Who's stuck on treacle?
After huge success in the West End of London, Matilda the Musical had a language makeover before arriving on Broadway in the US. Words such as "treacle" were excised because it was feared that American audiences would not recognise them.
The show is based fairly faithfully on the children's novel by Roald Dahl. But the writer of the lyrics, comedian Tim Minchin, was worried that theatregoers in New York City, already dealing with the show's British accents, would struggle with the colloquial British English.
The American ear often struggles to make sense of British English. So, to make Matilda's lyrical whimsies more palatable, Minchin tried to "thin out" some of its more oblique Britishness. The word "treacle", for example, was changed to "syrup".
"It's being changed a little because there are a few lyrics that they're just not hearing because (the words are) so dense and require thinning out," Minchin told UK newspaper The Daily Telegraph. The four girls cast as Matilda on Broadway are American but have been trained to do English accents.
British voices have proved problematic for US audiences in the past, with some films given subtitles. Last year, when Northern Irish pop singer Nadine Coyle appeared as a guest judge on television show America's Next Top Model, subtitles appeared on screen.
But Billy Elliot the Musical was a success on Broadway, despite concerns that American theatregoers would not understand its specific cultural references. The show is set in Durham in the North of England during the miners' strike of the 1980s.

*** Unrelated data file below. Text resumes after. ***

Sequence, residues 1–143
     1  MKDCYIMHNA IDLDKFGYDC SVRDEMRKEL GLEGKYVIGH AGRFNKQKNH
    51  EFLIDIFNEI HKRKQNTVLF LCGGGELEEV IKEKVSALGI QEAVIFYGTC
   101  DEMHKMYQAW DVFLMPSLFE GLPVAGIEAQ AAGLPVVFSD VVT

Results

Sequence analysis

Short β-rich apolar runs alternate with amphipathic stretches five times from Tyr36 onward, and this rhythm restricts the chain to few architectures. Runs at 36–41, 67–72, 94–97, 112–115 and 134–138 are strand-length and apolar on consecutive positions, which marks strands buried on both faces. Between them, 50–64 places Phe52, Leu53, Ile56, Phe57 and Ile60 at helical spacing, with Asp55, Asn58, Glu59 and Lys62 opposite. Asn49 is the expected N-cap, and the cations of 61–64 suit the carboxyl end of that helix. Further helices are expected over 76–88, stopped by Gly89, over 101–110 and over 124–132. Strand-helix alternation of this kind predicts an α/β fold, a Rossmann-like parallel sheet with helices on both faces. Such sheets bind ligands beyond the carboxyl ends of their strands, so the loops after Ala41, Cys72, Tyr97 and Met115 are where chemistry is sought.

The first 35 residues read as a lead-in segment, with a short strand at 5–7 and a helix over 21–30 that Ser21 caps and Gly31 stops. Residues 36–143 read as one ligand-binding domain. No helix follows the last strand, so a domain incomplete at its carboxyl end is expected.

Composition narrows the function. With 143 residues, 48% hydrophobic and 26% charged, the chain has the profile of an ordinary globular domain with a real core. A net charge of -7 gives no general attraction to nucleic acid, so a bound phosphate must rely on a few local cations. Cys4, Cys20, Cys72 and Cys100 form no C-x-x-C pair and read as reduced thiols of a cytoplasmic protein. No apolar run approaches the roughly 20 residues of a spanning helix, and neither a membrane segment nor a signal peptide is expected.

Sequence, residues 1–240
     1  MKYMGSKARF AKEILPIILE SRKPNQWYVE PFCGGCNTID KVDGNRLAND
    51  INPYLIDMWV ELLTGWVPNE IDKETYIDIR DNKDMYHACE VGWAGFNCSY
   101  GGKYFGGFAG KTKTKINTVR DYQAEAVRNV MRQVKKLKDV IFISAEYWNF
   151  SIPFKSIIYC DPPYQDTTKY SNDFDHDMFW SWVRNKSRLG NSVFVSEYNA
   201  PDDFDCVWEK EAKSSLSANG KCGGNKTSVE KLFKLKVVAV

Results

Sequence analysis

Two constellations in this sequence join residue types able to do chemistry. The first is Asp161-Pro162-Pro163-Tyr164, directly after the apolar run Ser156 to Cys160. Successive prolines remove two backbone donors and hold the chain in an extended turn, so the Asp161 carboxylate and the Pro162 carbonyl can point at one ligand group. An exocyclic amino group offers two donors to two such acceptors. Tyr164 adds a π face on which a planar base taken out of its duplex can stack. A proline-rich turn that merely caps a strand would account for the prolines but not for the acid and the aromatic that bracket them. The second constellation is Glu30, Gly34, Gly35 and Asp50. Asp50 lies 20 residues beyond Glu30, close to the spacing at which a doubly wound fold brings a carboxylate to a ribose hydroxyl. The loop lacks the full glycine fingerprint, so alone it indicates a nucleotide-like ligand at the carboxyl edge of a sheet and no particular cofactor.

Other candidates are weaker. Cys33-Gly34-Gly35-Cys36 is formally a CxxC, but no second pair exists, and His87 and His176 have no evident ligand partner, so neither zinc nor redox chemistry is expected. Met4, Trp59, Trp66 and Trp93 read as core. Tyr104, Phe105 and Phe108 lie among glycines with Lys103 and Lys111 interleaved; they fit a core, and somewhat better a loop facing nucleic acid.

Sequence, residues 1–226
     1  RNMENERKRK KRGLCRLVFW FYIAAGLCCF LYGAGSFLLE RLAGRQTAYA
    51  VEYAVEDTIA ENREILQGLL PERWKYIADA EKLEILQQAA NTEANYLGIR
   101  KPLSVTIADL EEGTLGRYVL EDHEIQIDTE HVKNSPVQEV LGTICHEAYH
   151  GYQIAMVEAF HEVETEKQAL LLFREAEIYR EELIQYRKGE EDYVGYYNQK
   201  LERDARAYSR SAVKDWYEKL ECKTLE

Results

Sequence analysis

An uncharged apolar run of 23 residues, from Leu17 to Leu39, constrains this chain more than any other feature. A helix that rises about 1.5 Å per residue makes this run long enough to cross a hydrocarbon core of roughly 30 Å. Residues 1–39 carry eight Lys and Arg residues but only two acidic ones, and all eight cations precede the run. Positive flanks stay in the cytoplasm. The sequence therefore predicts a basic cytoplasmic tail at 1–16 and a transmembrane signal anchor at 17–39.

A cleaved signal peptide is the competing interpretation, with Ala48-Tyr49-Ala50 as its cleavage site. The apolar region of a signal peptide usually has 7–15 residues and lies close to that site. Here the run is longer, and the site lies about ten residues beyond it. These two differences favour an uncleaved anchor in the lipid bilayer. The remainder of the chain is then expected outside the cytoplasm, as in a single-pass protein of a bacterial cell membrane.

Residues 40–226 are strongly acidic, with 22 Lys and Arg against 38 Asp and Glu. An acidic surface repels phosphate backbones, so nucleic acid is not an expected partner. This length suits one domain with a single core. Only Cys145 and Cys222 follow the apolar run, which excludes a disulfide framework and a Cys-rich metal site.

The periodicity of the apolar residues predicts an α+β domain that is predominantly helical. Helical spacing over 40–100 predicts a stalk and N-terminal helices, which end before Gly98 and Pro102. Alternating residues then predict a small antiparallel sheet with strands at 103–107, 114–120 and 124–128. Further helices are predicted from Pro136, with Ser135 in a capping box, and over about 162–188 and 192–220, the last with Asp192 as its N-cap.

Writing on the website Everything I Know I Learned from Musicals, American reviewer Chris Caggiano confessed that, even after seeing Matilda twice when it opened on Broadway, "my lack of response to the first half may have been partly because I couldn't understand the lyrics to many of the songs". Indeed, although he loved the production, Caggiano added: "The lyrics remain a liability".
Other US reviewers agreed, with one blaming not the British accents but the scansion. When Minchin writes a lyric such as "the subsequent fall was inevitable" (inevita-BALL), the reviewer wrote, he succeeds in "confusing the audience and betraying the character". True, the reviewer points out, Matilda is only 5, "but she's also a genius and speaks flawless Russian, so why this kind of syntactical rubbish?"
"Mr Minchin should be sent home with a note to his parents, which reads (to paraphrase Miss Trunchbull) 'could do better'," the reviewer added.
- Can students make up a new word for sad? Angry? And how would they help their friends to understand the new word?
- Ask children to choose three words that they think might be pronounced differently in the US and the UK (for example, tomato or herbs).
- Why would the directors of the musical Matilda change some of the words in the script and songs when the show was taken to the US?
- What would students do if they came across a word that they did not understand?